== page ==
In an odd reversal of fortune, shares of stocks in what was the hyper-hot growth market of China have sold off sharply recently while the recession-plagued markets of the developed world are up. As U.S. markets reach multiyear lows, the Shanghai Composite and Hang Seng have moved toward recent lows. The worry that China will join the rest of the world in a slowdown is reflected in the direction of its markets.
The Shanghai Composite was down overnight to 2,025. That is a single-day drop of 2.1%. In one year, the market is down 20% against a 20% rise in the S&P 500. Joining the Shanghai Composite Hong Kong's Hang Seng was down to 20,597 - a drop of 1.1%. Some of the cause of this is likely to be disputes over islands with Japan, which have caused a great deal of geopolitical tension in the region. The Nikkei dropped 1.6% to 9,087. Yesterday, the Bank of Japan set new easing to help revive the slowing of the world's third largest economy by gross domestic product.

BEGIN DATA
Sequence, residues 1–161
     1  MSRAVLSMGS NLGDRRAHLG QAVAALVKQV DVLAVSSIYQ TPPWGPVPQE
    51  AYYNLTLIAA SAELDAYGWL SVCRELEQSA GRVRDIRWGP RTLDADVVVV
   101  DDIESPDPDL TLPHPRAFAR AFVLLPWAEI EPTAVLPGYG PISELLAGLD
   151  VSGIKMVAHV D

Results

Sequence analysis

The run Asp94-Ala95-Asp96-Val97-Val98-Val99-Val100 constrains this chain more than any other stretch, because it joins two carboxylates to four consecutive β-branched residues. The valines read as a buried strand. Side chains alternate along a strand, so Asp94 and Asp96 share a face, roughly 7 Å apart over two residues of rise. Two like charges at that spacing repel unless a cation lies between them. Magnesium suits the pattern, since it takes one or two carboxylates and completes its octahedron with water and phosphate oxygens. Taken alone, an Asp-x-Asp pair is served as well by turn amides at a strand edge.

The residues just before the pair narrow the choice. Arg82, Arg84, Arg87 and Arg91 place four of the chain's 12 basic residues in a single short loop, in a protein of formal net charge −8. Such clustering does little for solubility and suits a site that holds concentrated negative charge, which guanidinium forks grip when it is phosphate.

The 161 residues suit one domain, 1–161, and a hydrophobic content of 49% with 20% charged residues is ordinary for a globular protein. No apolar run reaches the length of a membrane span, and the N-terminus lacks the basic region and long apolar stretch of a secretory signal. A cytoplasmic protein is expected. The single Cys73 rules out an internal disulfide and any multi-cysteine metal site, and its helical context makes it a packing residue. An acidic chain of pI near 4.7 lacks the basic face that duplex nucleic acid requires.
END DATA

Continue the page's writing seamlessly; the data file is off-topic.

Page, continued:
There was one other bit of bad news. The HSBC PMI numbers for China rose to 47.8 from 47.6 in August. A number below 50 signals contraction.
Douglas A. McIntyre
Filed under: 24/7 Wall St. Wire, China, International Markets